Practitioners of alternative medicine have recommended ginkgo biloba as a means of maintaining and even improving memory among older adults. But until now, strong clinical evidence about its effectiveness has not been forthcoming.
For eight years, researchers at six universities across the U.S. studied more than three thousand adults, aged 72 to 96, with normal mental functioning or with mild cognitive impairment. Participants received either a 120-mg dose of gingko extract twice a day, or a sugar pill. Researchers found that gingko had no specific effect on memory or attention.
"What we can say is that we find no evidence that ginkgo, over this long period of time made a difference in whether someone's slow change in memory function, as a function of normal aging, was affected at all by the medication," said Dr. Steven Dekosky, at the University Of Virginia.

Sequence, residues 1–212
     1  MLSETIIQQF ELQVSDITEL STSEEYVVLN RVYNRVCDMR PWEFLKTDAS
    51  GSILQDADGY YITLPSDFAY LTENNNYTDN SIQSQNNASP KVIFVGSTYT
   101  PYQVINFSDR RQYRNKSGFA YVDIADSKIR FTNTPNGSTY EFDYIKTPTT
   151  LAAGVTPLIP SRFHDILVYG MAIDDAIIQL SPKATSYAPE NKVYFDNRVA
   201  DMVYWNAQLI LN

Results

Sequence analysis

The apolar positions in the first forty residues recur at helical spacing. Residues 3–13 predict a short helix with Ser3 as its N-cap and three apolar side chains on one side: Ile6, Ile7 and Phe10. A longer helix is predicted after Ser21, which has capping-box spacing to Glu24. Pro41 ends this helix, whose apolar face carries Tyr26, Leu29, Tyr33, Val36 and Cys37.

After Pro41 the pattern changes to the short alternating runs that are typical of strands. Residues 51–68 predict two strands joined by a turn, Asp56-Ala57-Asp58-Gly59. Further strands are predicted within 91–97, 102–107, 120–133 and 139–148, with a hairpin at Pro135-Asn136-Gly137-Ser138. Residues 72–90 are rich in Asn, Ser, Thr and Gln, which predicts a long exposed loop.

Earlier research showed that gingko did nothing for people with symptoms of Alzheimer's disease, nor did it help reduce other forms of dementia.
Researchers say this latest study is notable because it was conducted with the largest number of participants, and it rules out the herbal supplement as a useful treatment for memory loss.
"We found that there was no effect of the ginkgo biloba on these very slow but, clearly detectable changes in thinking function in late life," added Dr. Steven Dekosky.
But the researchers added one caveat: While gingko biloba is not effective in slowing down the mental changes of aging, they say it is safe and has no side effects.